Strong materials and gently radiused curves add to the unit's strength.
The Wilderness Accessories Roof Rack is more than just a rack; it is a comprehensive system of framing, flooring, attachment systems, and accessory mounts. The basic rack is built on a steel frame that comes in a mind-boggling array of heights and widths, each optimized for the specific application. For instance, the rack for a Bronco II is 4'-2"x5'-6" and is offered in two heights, 4" or 6". Applications are available for everything from the Mazda Navajo, to Ford's Full Size vans, and include models that also can be fit to a myriad of fiberglass truck caps.


The attachment system locks the rack onto the structure of your vehicle.
The racks are manufactured from 3/4" steel tubing with an .065" wall thickness, using strength-enhancing large-radius corner curves. The rack components are tied together with clean MIG-welded joints and seemingly oversized Nylok nuts/bolts. The resulting rack is even more rigid when Garvin's optional steel flooring is used, each tube of which is constructed of the same sturdy 3/4" tubing.


This new mount is strong yet simple to use.
You can mount the rack in five ways: rain gutter brackets and/or faux rain gutters, sport rack mounting brackets, factory rack mounting brackets, and with fiberglass truck cap mounting brackets. Always pushing forward with product development, Garvin recently introduced a new mounting kit which we tested on Project WomBAT. It is constructed of massive 1/4" plate steel and is simpler to adjust, with a wider variety of angle and width variations. It is far stronger than any gutter or bracket out there, yet is simple to dial in for a perfect fit.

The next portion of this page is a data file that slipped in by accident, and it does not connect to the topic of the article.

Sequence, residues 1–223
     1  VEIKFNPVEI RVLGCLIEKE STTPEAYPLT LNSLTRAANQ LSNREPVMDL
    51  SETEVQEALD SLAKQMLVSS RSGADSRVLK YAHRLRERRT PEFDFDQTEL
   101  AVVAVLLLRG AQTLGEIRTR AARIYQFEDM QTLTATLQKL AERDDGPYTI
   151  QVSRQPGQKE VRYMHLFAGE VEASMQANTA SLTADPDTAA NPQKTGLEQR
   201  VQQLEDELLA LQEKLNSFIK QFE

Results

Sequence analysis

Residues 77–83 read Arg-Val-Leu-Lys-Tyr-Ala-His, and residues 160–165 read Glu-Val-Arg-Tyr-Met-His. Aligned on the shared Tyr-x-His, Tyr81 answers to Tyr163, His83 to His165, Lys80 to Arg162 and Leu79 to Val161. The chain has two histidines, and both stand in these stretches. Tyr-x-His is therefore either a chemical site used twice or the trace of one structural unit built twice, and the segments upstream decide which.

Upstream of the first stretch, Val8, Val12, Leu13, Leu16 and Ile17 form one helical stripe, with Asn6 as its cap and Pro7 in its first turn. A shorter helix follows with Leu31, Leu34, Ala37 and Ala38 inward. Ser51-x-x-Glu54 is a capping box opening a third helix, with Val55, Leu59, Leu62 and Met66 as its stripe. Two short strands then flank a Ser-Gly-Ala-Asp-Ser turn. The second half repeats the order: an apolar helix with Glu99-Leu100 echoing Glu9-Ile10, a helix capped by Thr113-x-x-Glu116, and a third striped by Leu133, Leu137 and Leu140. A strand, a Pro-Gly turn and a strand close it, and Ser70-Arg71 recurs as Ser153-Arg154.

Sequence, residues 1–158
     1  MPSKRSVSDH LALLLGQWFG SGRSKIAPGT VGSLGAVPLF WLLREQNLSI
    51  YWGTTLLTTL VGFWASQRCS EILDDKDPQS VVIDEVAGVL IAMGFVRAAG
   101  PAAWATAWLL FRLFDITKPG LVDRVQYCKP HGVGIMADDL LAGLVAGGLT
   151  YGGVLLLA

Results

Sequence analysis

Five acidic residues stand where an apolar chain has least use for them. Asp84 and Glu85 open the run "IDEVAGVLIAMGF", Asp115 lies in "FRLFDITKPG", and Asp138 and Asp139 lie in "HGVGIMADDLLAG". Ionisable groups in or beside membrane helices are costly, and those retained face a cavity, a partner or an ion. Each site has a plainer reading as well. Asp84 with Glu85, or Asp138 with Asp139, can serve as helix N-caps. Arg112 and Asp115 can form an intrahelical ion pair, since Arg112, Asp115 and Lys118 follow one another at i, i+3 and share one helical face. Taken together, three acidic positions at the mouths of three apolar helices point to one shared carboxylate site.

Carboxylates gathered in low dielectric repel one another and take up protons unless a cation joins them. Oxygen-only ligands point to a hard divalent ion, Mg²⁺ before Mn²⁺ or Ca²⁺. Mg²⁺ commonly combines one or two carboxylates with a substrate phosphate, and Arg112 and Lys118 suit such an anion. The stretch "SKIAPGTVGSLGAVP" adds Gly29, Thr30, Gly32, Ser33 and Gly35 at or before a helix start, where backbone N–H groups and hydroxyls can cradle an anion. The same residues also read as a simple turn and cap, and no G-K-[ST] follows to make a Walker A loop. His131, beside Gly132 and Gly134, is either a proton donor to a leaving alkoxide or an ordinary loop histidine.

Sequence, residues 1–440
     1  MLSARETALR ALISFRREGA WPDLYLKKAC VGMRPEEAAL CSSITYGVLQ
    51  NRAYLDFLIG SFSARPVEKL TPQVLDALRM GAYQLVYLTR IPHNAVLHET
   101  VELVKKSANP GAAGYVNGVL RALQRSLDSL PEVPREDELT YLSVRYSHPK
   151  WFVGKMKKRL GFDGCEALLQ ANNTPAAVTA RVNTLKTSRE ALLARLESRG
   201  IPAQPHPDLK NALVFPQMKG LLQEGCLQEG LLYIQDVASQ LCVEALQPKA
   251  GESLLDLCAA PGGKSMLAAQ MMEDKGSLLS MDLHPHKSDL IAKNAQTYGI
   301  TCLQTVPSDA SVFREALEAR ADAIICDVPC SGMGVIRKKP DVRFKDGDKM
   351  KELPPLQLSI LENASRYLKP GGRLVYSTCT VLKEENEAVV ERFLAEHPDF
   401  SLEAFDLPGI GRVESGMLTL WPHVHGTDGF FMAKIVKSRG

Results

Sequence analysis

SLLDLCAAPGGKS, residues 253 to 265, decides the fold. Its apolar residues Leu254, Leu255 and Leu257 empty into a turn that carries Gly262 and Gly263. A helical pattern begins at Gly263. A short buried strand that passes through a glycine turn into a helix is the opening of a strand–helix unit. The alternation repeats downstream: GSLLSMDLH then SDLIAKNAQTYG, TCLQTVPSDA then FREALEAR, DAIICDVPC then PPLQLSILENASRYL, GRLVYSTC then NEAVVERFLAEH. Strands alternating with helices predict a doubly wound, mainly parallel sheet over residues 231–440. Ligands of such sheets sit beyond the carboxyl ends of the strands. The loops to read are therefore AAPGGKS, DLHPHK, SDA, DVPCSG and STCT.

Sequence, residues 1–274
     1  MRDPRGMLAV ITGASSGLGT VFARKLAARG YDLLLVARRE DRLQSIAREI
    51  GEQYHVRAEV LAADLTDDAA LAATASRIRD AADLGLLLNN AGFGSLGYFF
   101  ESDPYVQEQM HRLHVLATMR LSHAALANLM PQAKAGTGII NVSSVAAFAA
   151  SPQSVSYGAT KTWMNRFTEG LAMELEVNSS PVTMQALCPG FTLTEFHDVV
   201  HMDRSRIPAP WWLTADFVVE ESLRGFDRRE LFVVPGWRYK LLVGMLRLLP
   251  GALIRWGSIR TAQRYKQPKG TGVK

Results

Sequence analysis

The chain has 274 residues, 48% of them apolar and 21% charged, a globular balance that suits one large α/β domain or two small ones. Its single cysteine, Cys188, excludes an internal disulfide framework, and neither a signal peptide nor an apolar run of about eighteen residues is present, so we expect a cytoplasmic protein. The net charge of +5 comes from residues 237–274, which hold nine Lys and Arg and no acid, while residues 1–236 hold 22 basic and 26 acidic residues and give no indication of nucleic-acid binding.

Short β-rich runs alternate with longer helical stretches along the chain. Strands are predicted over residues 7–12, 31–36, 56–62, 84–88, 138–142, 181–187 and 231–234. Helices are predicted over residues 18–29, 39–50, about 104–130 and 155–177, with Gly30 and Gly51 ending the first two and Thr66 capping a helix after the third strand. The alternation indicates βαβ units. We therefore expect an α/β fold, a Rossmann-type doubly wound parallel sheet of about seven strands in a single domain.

Fit and finish on the rack and its accessories is excellent. The rack and its accessories arrived in meticulously wrapped, coded, and double-boxed segments. The sharp-looking black powder coating was intact upon receipt, and has remained chip-free to date.

Assembly


The Wilderness Accessories Roof Rack comes in a staggering number of pieces, but with the excellent instructions included, assembly is a snap.
Fully assembled, this rack is massive and offers no flex off the vehicle, so you know it will have none when attached to the vehicle.